My advice is to stop focusing on weight loss alone and focus instead on improving overall fitness. Over a period of time, the weight will come off. You will get fitter, stronger and tangibly healthier. Your body will function better and you will enjoy a better quality of life.

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Stretch for Better Flexibility

This article was first published in The Hindu on 2nd October 2010.

unnamedI see people completing their workout routines and rushing through a few cursory stretches; mainly to appease the trainer, mind elsewhere, in a hurry to get going. Their flexibility does not get any better; they can still barely bend forward to reach for their thighs leave alone their toes, but they see no reason to waste time toiling with “stretches’. They have more important things to do, their cardio, so they can burn an indecent number of calories, push as much weight as they can to gain that well sculpted physique. Flexibility? Yes, well, let’s be done with it as quickly as possible!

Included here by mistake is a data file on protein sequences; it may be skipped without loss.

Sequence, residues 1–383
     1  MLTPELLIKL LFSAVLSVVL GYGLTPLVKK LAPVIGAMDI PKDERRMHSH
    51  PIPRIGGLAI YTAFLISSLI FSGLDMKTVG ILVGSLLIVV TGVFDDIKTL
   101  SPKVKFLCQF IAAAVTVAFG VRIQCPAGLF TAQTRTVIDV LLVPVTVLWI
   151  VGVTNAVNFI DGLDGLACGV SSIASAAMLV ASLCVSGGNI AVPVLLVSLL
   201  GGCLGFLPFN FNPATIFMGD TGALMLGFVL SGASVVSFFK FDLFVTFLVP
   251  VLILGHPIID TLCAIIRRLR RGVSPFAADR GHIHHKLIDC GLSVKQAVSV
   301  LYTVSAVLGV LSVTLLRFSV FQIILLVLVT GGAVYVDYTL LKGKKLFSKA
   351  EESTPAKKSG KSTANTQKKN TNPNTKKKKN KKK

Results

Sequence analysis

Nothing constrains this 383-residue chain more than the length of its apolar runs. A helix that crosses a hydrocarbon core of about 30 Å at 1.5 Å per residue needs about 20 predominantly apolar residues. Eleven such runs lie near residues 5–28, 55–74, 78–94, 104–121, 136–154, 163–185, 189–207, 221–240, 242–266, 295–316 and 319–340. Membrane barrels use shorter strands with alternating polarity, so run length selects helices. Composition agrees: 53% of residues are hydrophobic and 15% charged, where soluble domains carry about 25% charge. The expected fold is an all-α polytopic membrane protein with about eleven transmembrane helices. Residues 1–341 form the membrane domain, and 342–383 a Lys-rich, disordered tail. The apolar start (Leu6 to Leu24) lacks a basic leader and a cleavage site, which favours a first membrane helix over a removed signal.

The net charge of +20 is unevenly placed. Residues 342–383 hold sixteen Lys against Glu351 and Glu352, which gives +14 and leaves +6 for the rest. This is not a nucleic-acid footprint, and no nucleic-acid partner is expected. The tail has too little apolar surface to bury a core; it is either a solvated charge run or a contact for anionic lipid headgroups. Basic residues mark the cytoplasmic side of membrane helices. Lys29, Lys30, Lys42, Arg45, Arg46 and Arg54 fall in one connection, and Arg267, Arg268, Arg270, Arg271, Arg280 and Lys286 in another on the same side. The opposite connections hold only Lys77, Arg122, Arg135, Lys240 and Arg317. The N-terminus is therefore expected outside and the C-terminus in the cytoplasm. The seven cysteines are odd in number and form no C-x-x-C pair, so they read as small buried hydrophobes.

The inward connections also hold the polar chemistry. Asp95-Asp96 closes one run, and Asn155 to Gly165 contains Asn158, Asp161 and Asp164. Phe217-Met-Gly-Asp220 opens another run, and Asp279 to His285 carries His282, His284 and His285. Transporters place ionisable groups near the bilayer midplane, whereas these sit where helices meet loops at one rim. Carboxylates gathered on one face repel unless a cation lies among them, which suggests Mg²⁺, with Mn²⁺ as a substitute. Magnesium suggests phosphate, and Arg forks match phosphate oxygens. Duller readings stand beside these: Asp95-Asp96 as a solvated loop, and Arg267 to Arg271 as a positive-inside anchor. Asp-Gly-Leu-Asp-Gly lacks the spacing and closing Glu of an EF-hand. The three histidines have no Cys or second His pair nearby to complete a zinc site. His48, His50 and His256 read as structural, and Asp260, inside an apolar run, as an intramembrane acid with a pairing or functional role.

One couldn’t be more mistaken. An inflexible muscle is more prone to injury and cannot perform as well as it should. Good quality muscle is supple, strong AND flexible.

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Flexibility is the corner stone of fitness along with Cardio and Strength. For some reason however, it has always been treated with some disdain, considered an annoying waste of time. “I am just NOT flexible” is the lament that is often heard. Of course not, you have delegated flexibility to a disrespectable distance in the far recesses of your armoire of fitness. Perhaps because it somehow seems a redundant activity that doesn’t appear to really DO anything. The effects of improved flexibility however are subtle and enviable. Better posture, greater and more fluid mobility, grace of movement, symmetry and aesthetics.

Muscle imbalance

The management of muscle imbalances has to take into account the inflexibility of certain muscles and excess tightness of antagonists. For instance the tight, obstinate chest muscles in conjunction with the over stretched and weak upper back muscles lead to the ungainly slouch of the upper back – the ‘head and neck forward syndrome’. The internal rotators of the shoulders may be tighter than the eternal rotators, drawing in the shoulders causing one to appear stooped (and lacking in confidence). The simple act of stretching the chest muscles, strengthening the back and the Abductors, while stretching the Adductors of the shoulders enhances one’s appearance and bearing beyond belief.